Countess Elizabeth Bathroy



Although the evidence is circumstantial to this day the “Blood Countess” is considered the world’s most prolific serial killer. The vampiress of Transylvania born a noble, a direct relative to the king of Hungary and the Voivod of Transylvania, was alleged to have taken part in the torture and murder of over 600 girls and young women.

In 1610 four servants and Bathory were arrested for the murders of 80 young women. Upon entering Csejte Castle the arresting authorities stated that they found one dead girl, one dying, one wounded and several locked away in cages. Fearing the possibility of a public scandal and the disgrace of a noble family name it was agreed even before the arrest that the Countess Elizabeth Bathroy would not be tried or executed, regardless of what was found. That left the burden to fall on four of her servants and co-conspirators; Dorka, llona Jo, Katrina Benicka and Janos Ujvary (Ficko). All four servants were found guilty with Dorka and llona Jo suffering the brutal fate of having their finger nails ripped from their hands before being thrown onto a fire alive. Ficko received the slightly more enviable and quick fate of the guillotine, while Katrina believed to be forcibly cohered into collaboration received life imprisonment. The “Blood Countess” spent the next four years under house arrest in Csejte Castle until her death in 1614.

The legend of what actually happened and Bathory’s involvement is shrouded in mystery, gore and horror. For over 400 years there has been speculation and exaggeration over the events that occurred during the countesses reign. Over 300 witnesses were called upon during the 1610-1611 trial from peasants to priest and noble men. From these witnesses and their varying accounts the legend of Elizabeth’s reputation as the Blood Countess was born. Among the many rumours circulating around the trial it was believed that Bathory developed her taste for blood after slapping a servant girl across the face, the blood left on her hand left the skin looking fresh and young which was believed to set off her blood lust that saw rumours circulate that she would bathe in the blood of virgins and eat raw flesh.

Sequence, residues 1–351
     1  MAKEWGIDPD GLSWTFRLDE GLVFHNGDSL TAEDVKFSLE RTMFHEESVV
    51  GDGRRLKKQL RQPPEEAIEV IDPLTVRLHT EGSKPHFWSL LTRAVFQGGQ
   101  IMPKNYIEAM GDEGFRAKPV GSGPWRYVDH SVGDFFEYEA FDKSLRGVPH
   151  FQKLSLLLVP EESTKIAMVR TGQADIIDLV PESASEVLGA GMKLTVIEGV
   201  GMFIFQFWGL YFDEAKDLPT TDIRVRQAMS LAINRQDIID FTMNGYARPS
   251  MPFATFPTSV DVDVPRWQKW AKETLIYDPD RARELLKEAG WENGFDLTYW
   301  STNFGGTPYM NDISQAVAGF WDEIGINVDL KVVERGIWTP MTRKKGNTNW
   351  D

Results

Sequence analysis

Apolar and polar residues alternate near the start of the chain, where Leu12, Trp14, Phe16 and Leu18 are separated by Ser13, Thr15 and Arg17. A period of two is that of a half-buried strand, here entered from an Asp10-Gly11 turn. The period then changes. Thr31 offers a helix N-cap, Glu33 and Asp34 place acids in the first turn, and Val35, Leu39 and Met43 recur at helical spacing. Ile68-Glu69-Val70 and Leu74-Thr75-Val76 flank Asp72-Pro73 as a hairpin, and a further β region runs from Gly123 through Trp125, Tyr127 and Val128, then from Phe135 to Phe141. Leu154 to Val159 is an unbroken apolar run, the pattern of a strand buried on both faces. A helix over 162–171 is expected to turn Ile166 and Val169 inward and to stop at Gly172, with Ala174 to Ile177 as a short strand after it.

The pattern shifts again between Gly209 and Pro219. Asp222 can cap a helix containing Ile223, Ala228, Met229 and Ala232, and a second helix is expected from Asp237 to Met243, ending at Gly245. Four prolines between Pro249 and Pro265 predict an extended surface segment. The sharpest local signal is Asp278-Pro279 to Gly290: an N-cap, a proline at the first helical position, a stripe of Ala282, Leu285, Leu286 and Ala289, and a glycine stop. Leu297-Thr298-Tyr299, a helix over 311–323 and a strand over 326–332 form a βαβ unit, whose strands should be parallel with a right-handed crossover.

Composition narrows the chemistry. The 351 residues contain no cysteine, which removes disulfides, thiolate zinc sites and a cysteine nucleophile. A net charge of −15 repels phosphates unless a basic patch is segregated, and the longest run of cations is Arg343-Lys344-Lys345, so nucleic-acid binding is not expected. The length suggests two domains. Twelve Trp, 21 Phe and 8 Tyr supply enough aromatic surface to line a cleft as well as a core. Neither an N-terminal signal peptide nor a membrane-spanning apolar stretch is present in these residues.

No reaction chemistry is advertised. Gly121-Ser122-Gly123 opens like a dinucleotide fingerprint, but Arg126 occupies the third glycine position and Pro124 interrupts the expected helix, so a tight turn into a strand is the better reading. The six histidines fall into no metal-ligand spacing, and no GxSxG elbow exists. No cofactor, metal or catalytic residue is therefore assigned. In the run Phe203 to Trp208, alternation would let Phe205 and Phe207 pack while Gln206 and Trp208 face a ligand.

The original victims were believed to be the adolescent daughters of peasants in the local area who were tricked into coming into the castle under the promise of well paid work. When the supply of peasant girls no longer satisfied the countess it was believed that she was convinced girls from the higher gentry would be a better source of victims. She set upon convincing noble families to send their daughters for etiquette training and even resorted to orchestrated kidnappings to satisfy her blood lust. Among the many tortures that were alleged to have been brought upon the girls were:

The burning of hands, faces and genitalia

The biting and eating of flesh (where the legends of the vampire came from)

Covering the girls in water and freezing them to death in sub zero temperatures


Innovative forms of surgery that tended to lead to death

Sexual Abuse


How Many Victims?

The largest point of debate over the Elizabeth Bathroy legend concerns the number of alleged victims. A witness during the infamous trial stated that Bathroy herself kept a book that recorded the names of over 650 victims who lost their lives at Csjte Castle and Bathroy’s numerous other properties. However, during the trial Szentes and Ficko confessed to the murders of between 36-37 victims while staff from one of Elizabeth’s properties Savar Castle estimated the numbers to be between 100-200, alone. The defendants at the trial estimated 50 and the official conviction was 80 but the actual numbers involved are unknown.

Elizabeth passed away of what is believed to be natural causes during her house arrest in 1614 and was originally buried in the local church of Csejte. Her body was then moved to her birth home Esced after the locals became incensed to have the blood countesses’ body in their cemetery. Since her death the legend of Countess Elizabeth Bathoy has infiltrated almost every medium in popular culture from literature, poems and plays to film, television, video games and music. The only thing that remains a mystery is whether she was actually ever guilty in the first place.

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